Tips for Designing a Writing Syllabus

Using Keywords to Reflect Writing Pedagogy

Writing-related words and references to a writing handbook highlighted on a syllabus help students recognize the writing and learning skills the course will address. Here are possible words/phrases that an instructor might place on a writing syllabus:

Thesis & Focus; Developing & Organizing Ideas; Audience & Purpose; Introductory Strategies; Concluding Strategies; Style; Transitions; Claims, Reasons, & Evidence; Clarity; Voice; Strategies for Revisions; Figurative Language; Argumentative/Persuasive Strategies; Appeals-ethical, logical, emotional; Strategies for Summarizing & Paraphrasing; Conducting and Citing Research; Evaluating Sources

Sequence Assignments to Help Novice Writers Build Upon Skills

It is helpful to assume that the writing experiences of first-year seminar participants may vary widely among those in any given section of Writing 101. While some students may have extensive research experience, it is more likely that many of the students have little to no experience situating their own voices and informed opinions among other/published writers. With that in mind, it may be helpful to build up students’ abilities as readers and writers before assigning a lengthy research paper. However, because researching and synthesizing of sources are skills highly valued and often required in the academy, first-year writing students should receive at least a general introduction to conducting research, evaluating sources, integrating source materials into their own writing, and attribution of sources through the use of a style guide. Below are suggestions for sequencing assignments:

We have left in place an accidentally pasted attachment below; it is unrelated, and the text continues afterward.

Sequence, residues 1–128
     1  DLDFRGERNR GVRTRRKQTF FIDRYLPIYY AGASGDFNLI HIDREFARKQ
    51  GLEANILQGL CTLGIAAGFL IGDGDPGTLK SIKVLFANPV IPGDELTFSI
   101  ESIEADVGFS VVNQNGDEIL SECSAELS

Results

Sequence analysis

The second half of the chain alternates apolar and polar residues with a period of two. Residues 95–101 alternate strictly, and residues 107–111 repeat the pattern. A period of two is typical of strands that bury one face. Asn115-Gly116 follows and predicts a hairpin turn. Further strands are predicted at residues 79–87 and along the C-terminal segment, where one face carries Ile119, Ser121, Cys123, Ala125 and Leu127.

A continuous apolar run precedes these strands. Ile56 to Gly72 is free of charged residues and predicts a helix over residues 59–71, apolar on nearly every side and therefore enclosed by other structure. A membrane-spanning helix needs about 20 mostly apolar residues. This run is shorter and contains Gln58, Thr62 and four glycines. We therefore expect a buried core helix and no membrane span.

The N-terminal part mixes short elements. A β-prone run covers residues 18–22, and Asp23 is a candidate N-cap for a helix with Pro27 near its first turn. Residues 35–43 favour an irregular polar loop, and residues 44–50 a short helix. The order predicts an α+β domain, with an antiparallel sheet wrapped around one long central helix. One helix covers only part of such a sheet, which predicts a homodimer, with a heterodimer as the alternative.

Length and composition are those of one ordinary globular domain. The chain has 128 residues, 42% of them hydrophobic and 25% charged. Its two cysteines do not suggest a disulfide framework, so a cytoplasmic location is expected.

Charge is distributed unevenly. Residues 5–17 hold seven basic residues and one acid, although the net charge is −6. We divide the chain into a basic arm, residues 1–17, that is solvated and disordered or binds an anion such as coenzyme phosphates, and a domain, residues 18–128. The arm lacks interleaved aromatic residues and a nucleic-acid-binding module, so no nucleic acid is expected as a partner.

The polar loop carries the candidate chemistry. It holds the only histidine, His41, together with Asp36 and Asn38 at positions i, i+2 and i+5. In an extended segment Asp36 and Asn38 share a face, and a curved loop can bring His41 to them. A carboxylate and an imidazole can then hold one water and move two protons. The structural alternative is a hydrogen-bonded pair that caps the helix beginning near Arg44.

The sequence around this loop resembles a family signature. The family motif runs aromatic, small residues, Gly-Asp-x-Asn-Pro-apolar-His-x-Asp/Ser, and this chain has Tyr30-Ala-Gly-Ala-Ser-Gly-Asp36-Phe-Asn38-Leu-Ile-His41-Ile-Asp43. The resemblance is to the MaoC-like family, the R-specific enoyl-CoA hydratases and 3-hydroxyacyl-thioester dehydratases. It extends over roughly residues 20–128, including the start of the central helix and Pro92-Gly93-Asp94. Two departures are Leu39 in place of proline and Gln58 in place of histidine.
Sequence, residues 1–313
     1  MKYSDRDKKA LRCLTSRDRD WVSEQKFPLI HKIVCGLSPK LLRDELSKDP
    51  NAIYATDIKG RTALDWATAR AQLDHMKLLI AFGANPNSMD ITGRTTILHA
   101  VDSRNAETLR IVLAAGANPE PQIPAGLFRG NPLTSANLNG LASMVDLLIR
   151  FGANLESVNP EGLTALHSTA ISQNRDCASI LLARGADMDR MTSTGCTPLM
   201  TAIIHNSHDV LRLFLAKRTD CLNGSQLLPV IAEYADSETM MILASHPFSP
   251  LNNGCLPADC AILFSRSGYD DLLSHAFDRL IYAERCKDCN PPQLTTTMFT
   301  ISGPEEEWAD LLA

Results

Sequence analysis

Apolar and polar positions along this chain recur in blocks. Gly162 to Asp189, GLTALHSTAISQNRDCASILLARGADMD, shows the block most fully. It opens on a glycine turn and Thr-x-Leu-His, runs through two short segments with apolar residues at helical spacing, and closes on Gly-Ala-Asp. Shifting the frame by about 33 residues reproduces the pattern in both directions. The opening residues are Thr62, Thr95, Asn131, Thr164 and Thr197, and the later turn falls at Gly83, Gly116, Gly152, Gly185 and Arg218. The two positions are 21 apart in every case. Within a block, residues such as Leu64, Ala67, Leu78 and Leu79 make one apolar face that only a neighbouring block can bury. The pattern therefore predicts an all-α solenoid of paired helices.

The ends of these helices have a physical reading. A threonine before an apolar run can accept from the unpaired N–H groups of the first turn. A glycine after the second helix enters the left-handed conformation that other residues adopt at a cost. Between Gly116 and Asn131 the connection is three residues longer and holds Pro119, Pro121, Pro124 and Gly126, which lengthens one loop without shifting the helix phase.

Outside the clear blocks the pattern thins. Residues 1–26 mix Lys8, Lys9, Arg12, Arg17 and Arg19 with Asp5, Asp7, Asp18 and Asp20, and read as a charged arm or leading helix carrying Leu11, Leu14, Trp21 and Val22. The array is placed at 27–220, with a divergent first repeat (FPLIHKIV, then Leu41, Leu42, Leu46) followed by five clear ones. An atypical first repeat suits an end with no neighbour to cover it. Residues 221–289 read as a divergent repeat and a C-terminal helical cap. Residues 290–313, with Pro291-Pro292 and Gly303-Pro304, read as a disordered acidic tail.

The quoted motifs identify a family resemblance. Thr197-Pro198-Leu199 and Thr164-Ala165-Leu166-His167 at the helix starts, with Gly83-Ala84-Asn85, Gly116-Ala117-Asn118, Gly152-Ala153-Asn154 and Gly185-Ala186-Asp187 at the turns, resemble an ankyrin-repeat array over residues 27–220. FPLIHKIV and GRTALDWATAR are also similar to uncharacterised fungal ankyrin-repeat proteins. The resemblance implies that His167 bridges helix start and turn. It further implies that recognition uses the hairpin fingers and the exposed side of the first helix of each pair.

• Use readings to help generate ideas, as models, and as resources for the vocabulary and tools of the larger conversation; you might sequence readings to move from expressive and personal pieces to analysis essays to argumentative and synthesizing articles.
  • Sequence assignments to build on rhetorical strategies/writing skills.
  • Sequence assignments to build in length.
  • Sequence assignments to build in the number and types of texts incorporated and/or responded to.
  • Sequence assignments in ways that require students to write for a variety of aims and audiences (For example, students might move from expressive writing for a limited audience to argumentative synthesis essays directed for a wider academic audience.).
  • Have students meet with a reference librarian, create an annotated bibliography, and then produce a paper that incorporates and cites source material.